The Havre de Grace City Council gave its permission Monday for Mayor William T. Martin to reach an agreement with the Susquehanna Hose Company that will allow the Cultural Center at the Opera House to use the second floor of the adjoining firehouse for some of its events.
The firehouse at the southeast corner of Union and Pennington avenues has an open second floor that has long been used for events. A two-floor atrium, complete with an elevator, connecting the two buildings was built during the recent restoration of the Opera House completed in the summer of 2017.
While the two buildings were connected, who controls the use of the firehouse’s second floor space was not determined.
“On November 24, 1911, the City of Havre de Grace and the SHCO entered into a lease agreement allowing the SHCO to operate the City owned building (Union Avenue) as a fire station, as long as the SHCO provided fire protection to the City of Havre de Grace, “ Steve Gamatoria, chief of staff for the City of Havre de Grace and a longtime member of the Susquehanna Hose Co., wrote in an email Wednesday afternoon. “The atrium design connection to the firehouse was agreed to in [principle] by the fire department leadership, with an understanding that at some point an agreement may be considered as to how the co-joined spaces may be utilized. The MOU now solidifies how and when the space can be used by the opera house, and conversely how the opera house may be used by the [Susquehanna Hose Co.] for seminars, lectures and the like.”
Rebecca Jessop, executive cirector of the Cultural Center at the Opera House, said the Opera House has been using the space. During an impromptu tour Wednesday afternoon, Jessop showed how the space is set up and used. The Opera House was ready for a movie showing that evening with an accompanying event in the firehouse space. Tables and chairs were arranged to accommodate those attending.
“The Opera House renovation included in its design, utilization of the once empty space between the opera house and the firehouse. Included in the space (among other things) is the atrium that houses the elevator, the sprinkler system tie in that allowed the second floor of the fire station to gain fire sprinkler protection, as well a doorway leading to the fire house (and another means of egress for both buildings),” Gamatoria wrote.
The status of Harford Memorial Hospital was mentioned at Monday’s city council meeting, but only when David Glenn, the City Council president, addressed the issue during his comments.
University of Maryland Upper Chesapeake Health, which owns and operates Harford County’s two hospitals – Harford Memorial and Upper Chesapeake Medical Center in Bel Air. Plans call for Harford Memorial in downtown Havre de Grace to be closed and replaced by a freestanding medical center at the Havre de Grace exit off Interstate 95. Upper Chesapeake has been unhappy with its dealings with Havre de Grace and hospital officials are considering other plans.
Glenn said he’s been asked why he’s letting the hospital leave.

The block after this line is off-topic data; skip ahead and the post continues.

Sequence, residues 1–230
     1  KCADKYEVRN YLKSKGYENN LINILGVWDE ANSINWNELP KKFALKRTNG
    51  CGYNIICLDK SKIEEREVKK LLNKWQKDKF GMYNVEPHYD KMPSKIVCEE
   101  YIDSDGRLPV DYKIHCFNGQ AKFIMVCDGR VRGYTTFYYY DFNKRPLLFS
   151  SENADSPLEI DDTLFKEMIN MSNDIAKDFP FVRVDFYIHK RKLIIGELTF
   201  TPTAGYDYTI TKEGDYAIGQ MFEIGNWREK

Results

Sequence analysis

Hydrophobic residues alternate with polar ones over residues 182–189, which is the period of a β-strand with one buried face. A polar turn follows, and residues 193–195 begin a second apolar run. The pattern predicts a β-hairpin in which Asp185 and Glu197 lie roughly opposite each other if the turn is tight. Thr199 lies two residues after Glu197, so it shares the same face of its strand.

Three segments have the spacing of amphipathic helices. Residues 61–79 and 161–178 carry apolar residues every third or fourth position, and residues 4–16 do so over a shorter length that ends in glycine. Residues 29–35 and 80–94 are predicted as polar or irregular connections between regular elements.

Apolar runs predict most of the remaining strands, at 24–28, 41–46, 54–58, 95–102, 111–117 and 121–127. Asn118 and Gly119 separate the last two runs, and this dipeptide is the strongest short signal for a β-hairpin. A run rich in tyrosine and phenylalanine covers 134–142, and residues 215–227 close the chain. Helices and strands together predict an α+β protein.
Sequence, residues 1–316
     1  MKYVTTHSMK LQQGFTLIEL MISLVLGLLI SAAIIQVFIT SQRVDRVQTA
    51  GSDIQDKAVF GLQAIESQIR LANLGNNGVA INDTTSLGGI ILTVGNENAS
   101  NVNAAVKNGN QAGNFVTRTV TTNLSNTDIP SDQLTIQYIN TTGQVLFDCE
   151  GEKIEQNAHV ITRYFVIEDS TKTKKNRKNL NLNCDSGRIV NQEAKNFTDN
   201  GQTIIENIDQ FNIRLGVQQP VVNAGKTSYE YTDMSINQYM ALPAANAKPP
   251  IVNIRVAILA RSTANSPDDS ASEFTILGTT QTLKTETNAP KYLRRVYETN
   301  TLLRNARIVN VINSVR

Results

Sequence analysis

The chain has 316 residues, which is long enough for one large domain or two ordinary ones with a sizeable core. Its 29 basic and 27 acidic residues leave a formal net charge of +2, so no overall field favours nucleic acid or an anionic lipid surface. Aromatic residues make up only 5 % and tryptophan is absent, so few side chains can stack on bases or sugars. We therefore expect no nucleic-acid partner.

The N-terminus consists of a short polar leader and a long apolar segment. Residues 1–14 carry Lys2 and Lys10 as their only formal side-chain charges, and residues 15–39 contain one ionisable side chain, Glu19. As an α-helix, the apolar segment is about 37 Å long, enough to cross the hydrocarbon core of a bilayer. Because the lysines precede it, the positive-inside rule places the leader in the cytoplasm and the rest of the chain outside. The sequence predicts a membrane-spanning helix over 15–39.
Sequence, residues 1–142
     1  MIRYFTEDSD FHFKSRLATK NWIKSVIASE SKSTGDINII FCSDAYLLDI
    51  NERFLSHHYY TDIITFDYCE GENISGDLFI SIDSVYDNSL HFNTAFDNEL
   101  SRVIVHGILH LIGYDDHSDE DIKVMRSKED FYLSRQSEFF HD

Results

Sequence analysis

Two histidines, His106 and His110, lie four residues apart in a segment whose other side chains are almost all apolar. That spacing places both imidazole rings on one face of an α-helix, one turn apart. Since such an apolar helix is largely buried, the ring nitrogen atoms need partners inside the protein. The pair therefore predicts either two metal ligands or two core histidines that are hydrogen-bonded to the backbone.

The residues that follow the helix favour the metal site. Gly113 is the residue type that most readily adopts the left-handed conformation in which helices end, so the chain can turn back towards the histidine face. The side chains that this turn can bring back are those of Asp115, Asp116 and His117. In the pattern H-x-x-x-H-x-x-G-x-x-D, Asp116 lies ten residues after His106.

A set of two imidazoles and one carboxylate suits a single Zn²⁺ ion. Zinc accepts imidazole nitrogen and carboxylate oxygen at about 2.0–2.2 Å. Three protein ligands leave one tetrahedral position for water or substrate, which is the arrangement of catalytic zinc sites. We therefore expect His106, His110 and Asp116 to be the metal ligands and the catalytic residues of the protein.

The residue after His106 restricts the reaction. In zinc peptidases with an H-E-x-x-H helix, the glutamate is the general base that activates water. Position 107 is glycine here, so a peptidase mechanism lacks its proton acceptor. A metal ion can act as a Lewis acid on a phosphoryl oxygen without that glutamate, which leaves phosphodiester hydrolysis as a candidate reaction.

“There is no hospital,” Glenn said he has responded.
He added he and the rest of the city government are open to continued negotiations and working with Upper Chesapeake Health to resolve the issue, but they have to look out for what’s best for Havre de Grace, too.
“We asked for a traffic study,” Glenn said, because the most recent such report was eight years old. “When we did that, they started looking elsewhere.”
Elsewhere is Aberdeen, where that city’s mayor and council have passed changes to the existing zoning code to accommodate Upper Chesapeake in its quest to relocate.
“If it goes to Aberdeen,” Glenn said, “so be it.”
He also said he has spoken to the Lyle Sheldon, the longtime CEO of the hospitals as well as a longtime resident of the Havre de Grace area.
“I told Lyle Sheldon that he spoiled us,” Glenn said, adding that Havre de Grace has long had a full service hospital and not having one will be considered a loss.
Havre de Grace was prepared for the worst, but hoping for, and got, the best outcome – completely missed by the remnants of Hurricane Florence.
“Boy did we dodge a bullet with Florence,” Martin said.
He said it could’ve been the worst-case scenario with water being driven up the Chesapeake Bay and heavy water flow from the Susquehanna River.
“With water coming down [the river] and water coming up [the bay] and Havre de Grace in the middle, we were a little nervous here in city hall,” Martin said.
The weather Saturday and Sunday turned out to be beautiful after forecasts early in the week predicted that what was left of Florence could’ve been upon the city.
The inaugural Susquehanna River Running Festival was held without a hitch Saturday. So was a Food Truck Festival Sunday that attracted 3,500 to 4,000 people, according to City Council estimates, to the Lockhouse Museum.
The most significant casualty was the postponement of the weekend carnival to benefit the Independence Day Commission.
“The carnival had to be set up by Tuesday to get inspected,” the mayor said, adding that wasn’t possible with Gov. Larry Hogan declaring a state of emergency and the ominous forecasts.
It has been rescheduled for Thursday, Oct. 25, through Sunday, Oct. 28.
“They have to raise money,” the mayor said about the rescheduled carnival as a fundraiser for the Independence Day Commission.